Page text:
Putin admits Russia's economic woes home-grown

MOSCOW (Reuters) - President Vladimir Putin conceded for the first time on Thursday that Russia’s economic problems were home-grown and vowed not to abandon the spending promises he made on returning to the Kremlin last year.

Russia's President Vladimir Putin speaks during his annual state of the nation address at the Kremlin in Moscow December 12, 2013. REUTERS/Sergei Karpukhin

Facing an audience of lawmakers, officials and business leaders, Putin also said “nothing has been done” to implement an initiative he launched a year ago to stem capital flight that has sapped both investment and the Kremlin’s coffers.

The 61-year-old leader’s grim diagnosis marked a shift away from blaming the woes besetting Russia’s $2 trillion economy on trouble abroad, especially the sovereign debt crisis in Europe - its biggest export market.

“We have to be clear: the main reasons for the economic slowdown are not external but internal,” Putin said in his annual address in the Kremlin.

During Putin’s first two terms as president, the economy clocked up annual growth rates of about 7 percent thanks to a boom in oil prices, while easy monetary conditions flooded emerging markets with cheap investment dollars.

That ended abruptly with the global financial crash of 2008 and, with the government now relying on oil prices of over $100 per barrel to balance its books, consumer spending is all that is keeping the economy ticking over.

The downturn, along with vast illegal outflows of cash estimated by a former central bank chief at $50 billion a year, has caused the fragile recovery to stall. The government now expects the economy to grow by just 1.4 percent this year.

Long-term growth is likely to average 2.5 percent, lagging the world economy and other e0merging markets. The government meanwhile risks exhausting its rainy-day savings in three years, officials warn.

Putin called for action to improve the business climate and said that low labor productivity was a major drag on Russia’s economy, ranked by the World Bank as the fifth biggest in the world by purchasing power parity.

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“Russia is among the top-five global economies,” Putin said. “However, we lag developed countries by two-thirds to three-quarters on such a key indicator as labor productivity. We must act resolutely to overcome this gap.”

Former Finance Minister Alexei Kudrin, still widely viewed as Russia’s most competent economic policy maker, faulted Putin for failing to act sooner.

“It’s a shame that so little has been done,” Kudrin said on Twitter after the speech. “The president’s proposals for reactivating the economy are a tactical response to the problem. We need a strategic plan to get out of stagnation.”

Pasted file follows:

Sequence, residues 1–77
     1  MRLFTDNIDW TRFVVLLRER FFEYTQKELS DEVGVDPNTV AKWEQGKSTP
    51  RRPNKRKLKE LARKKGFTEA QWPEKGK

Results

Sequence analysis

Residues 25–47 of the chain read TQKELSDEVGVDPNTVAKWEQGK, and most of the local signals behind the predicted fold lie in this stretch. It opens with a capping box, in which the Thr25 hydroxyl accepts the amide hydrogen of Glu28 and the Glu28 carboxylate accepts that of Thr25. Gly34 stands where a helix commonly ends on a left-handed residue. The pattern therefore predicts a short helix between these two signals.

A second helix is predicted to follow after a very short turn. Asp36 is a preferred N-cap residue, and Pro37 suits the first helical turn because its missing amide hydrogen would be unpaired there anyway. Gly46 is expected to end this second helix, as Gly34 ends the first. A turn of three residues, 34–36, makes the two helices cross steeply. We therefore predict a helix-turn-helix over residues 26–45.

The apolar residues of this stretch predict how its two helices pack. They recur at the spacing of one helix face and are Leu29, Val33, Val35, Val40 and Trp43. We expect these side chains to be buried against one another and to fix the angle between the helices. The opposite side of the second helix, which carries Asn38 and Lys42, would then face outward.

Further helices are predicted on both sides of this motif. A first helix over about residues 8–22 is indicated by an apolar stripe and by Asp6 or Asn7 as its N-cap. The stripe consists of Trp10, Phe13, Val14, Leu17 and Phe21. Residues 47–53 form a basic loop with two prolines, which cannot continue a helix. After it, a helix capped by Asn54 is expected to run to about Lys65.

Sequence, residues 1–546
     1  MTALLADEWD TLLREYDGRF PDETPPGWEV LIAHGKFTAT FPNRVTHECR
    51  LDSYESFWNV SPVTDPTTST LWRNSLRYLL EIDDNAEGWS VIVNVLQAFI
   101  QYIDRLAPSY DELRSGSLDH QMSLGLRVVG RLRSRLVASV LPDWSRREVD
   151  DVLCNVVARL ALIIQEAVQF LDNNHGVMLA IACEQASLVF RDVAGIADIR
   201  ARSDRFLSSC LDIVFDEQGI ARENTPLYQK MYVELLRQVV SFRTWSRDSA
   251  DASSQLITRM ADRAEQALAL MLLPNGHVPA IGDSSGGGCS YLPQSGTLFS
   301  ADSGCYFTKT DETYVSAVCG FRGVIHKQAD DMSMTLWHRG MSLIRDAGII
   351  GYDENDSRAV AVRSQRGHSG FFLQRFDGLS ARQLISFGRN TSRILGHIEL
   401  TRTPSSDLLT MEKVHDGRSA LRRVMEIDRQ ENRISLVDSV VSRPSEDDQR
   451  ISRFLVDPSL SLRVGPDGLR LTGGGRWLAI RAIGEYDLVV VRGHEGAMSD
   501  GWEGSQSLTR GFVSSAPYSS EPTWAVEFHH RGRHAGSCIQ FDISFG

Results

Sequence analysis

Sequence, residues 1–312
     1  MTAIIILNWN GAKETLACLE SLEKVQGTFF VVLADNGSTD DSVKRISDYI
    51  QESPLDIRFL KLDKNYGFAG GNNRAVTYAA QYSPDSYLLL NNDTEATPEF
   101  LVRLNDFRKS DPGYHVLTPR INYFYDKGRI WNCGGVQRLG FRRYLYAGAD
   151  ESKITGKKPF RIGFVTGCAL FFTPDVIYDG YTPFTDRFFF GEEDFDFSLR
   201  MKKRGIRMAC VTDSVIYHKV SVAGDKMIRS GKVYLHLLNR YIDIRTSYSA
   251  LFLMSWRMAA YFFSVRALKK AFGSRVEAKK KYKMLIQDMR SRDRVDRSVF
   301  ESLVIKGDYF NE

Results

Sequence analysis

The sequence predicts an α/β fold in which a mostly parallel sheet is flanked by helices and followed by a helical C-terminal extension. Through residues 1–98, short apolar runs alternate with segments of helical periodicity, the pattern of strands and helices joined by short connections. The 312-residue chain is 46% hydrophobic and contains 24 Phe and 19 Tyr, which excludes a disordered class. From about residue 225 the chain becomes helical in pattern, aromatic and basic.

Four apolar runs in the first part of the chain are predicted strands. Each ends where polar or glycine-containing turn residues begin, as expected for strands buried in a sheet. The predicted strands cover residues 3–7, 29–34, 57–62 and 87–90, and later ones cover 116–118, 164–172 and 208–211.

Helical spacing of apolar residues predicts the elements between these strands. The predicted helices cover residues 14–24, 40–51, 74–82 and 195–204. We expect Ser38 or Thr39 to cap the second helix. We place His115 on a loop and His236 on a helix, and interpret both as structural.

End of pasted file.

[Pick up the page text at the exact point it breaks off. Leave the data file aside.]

Speaking earlier, Europe’s development bank said that Russia needed to restructure and sell the large state companies and banks that play a dominant role in business and finance.

“For Russia, without reforms, we are very pessimistic about growth,” said Erik Berglof, chief economist of the European Bank for Reconstruction and Development.


Putin’s landmark initiative to “de-offshore” Russian finance, announced in the same Kremlin hall a year ago, has had little impact beyond forcing some lawmakers to resign after they were found to have owned property secretly abroad.

He said that companies whose ultimate owners were Russian would be barred from state contracts and refused credit by state development bank VEB if they failed to pay taxes in Russia.

“If you want to enjoy benefits, state support and earn a profit working in Russia, then register in a Russian jurisdiction,” said Putin.

“Since nothing has been done in this area over the past year, I have a proposal,” he said. “If you want to go offshore, you are welcome. But send your money here.”

Despite the weaker economy, Putin also said he would follow through on the so-called ‘May decrees’ he promulgated on returning to office that include doubling pay for teachers and doctors by the end of his six-year term.

“The economic cycle can and is changing, but this is no reason to talk about revising our goals,” Putin said.

He said, however, that pay rises must be tied to improved public services.

“This means increasing the personal responsibility of every manager for achieving results,” he said.

Additional reporting by Lidia Kelly and Megan Davies; Editing by Timothy Heritage and Louise Ireland